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Monday, February 2, 2015

Writing Ideas - New Novel, part 298, still more on Reviewer's Quotes, Marketing Materials

2 February 2015, Writing Ideas - New Novel, part 298, still more on Reviewer's Quotes, Marketing Materials

Announcement: My new novels should be available from any webseller or can be ordered from any brick and mortar bookstore.  Information can be found at  Check out my novels--I think you'll really enjoy them.

Introduction: I wrote the novel Aksinya: Enchantment and the Daemon. This was my 21st novel and through this blog, I gave you the entire novel in installments that included commentary on the writing. In the commentary, in addition to other general information on writing, I explained, how the novel was constructed, the metaphors and symbols in it, the writing techniques and tricks I used, and the way I built the scenes. You can look back through this blog and read the entire novel beginning with

I'm using this novel as an example of how I produce, market, and eventually (we hope) get a novel published. I'll keep you informed along the way.

Today's Blog: To see the steps in the publication process, visit my writing website and select "production schedule," you will be sent to

The four plus one basic rules I employ when writing:

1. Don't confuse your readers.
2. Entertain your readers.
3. Ground your readers in the writing.
4. Don't show (or tell) everything.
5. Immerse yourself in the world of your writing.

All novels have five discrete parts:
1.  The initial scene (the beginning)
2.  The rising action
3.  The climax
4.  The falling action
5.  The dénouement

The theme statement of my 25th novel, working title, Escape, is this: a girl in a fascist island nation will do anything to escape--a young cargo ferry pilot not following the rules crashes on the island.

I'll make a slight digression because I'm developing advertising and publisher materials for my newest completed novel, Lilly.  Here is the cover proposal for Lilly: Enchantment and the Computer
Cover Propsal
Before you can market a novel to the public, you have to market it to publishers or potential publishes.  This means you need to develop materials to market your novel.  These marketing materials can be used when the book is published.  We've already looked at two main pieces used in marketing: the title and the book cover proposal.  These are necessary for a web design, and they are also necessary for a publisher.  You can live without a cover proposal for a while, but you need a title right away.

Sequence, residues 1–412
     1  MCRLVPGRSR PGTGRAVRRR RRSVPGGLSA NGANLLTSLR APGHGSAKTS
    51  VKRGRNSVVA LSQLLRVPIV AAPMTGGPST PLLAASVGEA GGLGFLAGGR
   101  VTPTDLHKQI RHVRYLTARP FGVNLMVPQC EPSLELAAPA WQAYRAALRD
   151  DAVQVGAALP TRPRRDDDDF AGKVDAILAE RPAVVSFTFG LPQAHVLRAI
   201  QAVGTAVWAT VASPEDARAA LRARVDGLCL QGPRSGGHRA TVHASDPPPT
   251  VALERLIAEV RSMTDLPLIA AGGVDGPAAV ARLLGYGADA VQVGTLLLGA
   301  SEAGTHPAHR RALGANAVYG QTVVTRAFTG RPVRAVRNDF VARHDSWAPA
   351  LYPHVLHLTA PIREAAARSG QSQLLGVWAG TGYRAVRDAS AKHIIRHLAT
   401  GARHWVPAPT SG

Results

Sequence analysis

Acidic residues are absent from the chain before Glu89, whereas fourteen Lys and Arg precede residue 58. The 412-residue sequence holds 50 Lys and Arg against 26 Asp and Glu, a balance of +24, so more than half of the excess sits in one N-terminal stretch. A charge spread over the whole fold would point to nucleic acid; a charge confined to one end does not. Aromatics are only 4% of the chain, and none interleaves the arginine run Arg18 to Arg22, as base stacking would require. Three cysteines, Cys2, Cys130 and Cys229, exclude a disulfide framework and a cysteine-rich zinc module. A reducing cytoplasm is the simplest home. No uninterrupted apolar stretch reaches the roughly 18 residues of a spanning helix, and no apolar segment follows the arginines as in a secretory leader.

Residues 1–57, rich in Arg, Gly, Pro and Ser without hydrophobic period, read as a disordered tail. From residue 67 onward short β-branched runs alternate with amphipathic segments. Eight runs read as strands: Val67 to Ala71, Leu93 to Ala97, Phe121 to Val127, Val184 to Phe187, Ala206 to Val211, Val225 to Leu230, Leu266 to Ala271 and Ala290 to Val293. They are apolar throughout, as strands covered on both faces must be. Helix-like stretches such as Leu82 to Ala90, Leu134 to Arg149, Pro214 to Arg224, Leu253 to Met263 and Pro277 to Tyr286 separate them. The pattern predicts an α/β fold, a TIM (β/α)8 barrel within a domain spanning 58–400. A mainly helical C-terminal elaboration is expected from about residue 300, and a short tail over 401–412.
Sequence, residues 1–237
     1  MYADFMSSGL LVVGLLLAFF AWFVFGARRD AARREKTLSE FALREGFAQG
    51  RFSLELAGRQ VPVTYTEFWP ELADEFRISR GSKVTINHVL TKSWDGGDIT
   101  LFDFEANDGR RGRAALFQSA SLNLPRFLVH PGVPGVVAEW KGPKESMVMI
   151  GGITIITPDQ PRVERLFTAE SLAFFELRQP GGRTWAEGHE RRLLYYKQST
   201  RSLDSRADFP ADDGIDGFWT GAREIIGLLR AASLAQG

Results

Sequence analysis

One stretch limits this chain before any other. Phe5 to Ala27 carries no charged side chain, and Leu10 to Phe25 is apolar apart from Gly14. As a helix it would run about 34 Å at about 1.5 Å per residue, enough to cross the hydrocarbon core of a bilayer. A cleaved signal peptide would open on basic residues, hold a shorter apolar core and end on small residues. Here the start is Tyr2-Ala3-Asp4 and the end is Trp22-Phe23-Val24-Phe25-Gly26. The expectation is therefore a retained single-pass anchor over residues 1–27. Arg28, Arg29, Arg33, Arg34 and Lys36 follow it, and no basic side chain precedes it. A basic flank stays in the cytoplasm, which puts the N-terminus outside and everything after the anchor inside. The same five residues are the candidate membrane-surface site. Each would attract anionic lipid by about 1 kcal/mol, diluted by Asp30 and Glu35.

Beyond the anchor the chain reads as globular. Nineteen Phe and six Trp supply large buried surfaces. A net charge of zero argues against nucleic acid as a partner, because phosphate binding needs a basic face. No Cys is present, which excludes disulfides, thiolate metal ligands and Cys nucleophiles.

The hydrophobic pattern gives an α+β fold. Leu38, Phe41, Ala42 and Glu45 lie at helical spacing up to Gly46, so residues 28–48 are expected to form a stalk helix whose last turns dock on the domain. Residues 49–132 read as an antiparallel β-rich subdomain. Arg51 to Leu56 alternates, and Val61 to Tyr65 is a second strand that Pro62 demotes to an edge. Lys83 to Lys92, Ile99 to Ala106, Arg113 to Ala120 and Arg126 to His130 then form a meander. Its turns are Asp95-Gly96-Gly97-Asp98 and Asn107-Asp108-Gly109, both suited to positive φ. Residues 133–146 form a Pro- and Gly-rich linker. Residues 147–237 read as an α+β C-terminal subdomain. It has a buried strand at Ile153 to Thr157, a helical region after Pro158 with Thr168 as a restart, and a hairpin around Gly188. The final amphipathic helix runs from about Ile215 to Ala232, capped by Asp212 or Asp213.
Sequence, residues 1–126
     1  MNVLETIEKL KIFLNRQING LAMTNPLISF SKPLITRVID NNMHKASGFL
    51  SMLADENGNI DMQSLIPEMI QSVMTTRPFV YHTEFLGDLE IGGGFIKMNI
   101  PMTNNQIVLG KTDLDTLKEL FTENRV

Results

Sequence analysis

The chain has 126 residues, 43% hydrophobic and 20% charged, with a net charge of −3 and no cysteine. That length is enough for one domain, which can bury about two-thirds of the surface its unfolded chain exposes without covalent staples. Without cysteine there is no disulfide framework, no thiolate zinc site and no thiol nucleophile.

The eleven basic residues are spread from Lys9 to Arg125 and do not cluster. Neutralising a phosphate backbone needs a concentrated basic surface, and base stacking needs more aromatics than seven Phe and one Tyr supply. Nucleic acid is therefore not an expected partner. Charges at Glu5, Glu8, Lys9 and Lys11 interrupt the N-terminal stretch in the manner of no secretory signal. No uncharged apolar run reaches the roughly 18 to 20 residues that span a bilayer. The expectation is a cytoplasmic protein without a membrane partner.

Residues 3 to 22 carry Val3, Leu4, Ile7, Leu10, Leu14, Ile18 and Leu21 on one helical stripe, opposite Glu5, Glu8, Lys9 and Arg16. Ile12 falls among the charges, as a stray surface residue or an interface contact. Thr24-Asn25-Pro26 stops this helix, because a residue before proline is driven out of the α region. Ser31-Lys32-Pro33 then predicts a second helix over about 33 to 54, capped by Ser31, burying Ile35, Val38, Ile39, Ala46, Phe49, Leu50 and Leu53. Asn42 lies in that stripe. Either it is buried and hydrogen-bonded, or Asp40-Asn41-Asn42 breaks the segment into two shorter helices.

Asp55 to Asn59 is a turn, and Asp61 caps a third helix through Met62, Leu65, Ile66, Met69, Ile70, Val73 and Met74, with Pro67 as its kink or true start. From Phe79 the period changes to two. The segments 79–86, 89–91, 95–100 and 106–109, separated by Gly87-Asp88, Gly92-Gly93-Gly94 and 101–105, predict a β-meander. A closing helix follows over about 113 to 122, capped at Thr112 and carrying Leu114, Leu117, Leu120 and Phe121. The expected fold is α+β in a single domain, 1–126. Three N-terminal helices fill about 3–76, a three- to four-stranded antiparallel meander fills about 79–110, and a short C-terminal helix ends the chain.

The next step is to build the marketing information you will use to present your novel to publishers and to the public. Here is an outline:

Title of Work:

Lilly: Enchantment and the Computer

Author(s) Name:

L. D. Alford

Type: Either Screenplay or Book


Length: Either # of words for books, or # of pages for screenplays

105,300 words

Keywords and Market Focus:

Fiction, Washington State, Tacoma, Spanaway, Seattle, Computer, Pacific Lutheran University, Hacker, goddess, sushi, Redemption, kami, Japan, Shinto, torii, Shrine, engineering, math; will fascinate anyone interested in the spiritual, mystery, and suspense—will appeal particularly to those who enjoy historical mystery and suspense novels.


Fiction Suspense
Author Bio: Approximately 120 words

Synopsis:  Approximately 500 Words
Concept of the Work:  Approximately 250 Words

Registration: WGA, ISBN, or Library of Congress, Write the number.


Other Information:  If you have more work, a website, anything interesting and professional, especially any awards or recognition.

Reviewer’s quotes.

Lilly is a fun novel filled with mythical creatures and Japanese gods and goddesses—how Lilly handles becoming a goddess herself is delightful and suspense-filled. 

Dane Vale became the infatuation of a genius math girl, Lilly who unexpectedly became a Japanese goddess—Lilly’s problems go well beyond the normal or the spiritual.

Lilly Lin Grant became a kami, a Japanese goddess—her kannushi, priest, is her boyfriend—their adventures in saving a Shinto shrine involve every Japanese creature of myth, dragons, and Japanese gods and goddesses.

I told you all that to tell you--your reviewer's quotes don't have to come from readers or reviewers.  If you can get some from readers or reviewers--that's great.  In reality, just make some up.  We are creating copy here, not reality.  These quotes will become the basis for your book cover materials, by then, if necessary, you may get some actual reader's or reviewer's quotes.  For right now, your purpose is to impress a publisher.  They know where these quotes come from, and most of the time, they are interested in your synopsis and your description. 

To write a strong reviewer's quote, just try to hit the high points of your novel.  These will become the basis for copy (the marketing info for your novel).  I recommend three, but you can write as many as you wish.  Think of this as a writing exercise.

At this point everything I'm doing with and for this work is about marketing to a publisher and building a website.

More tomorrow.

For more information, you can visit my author site, and my individual novel websites:

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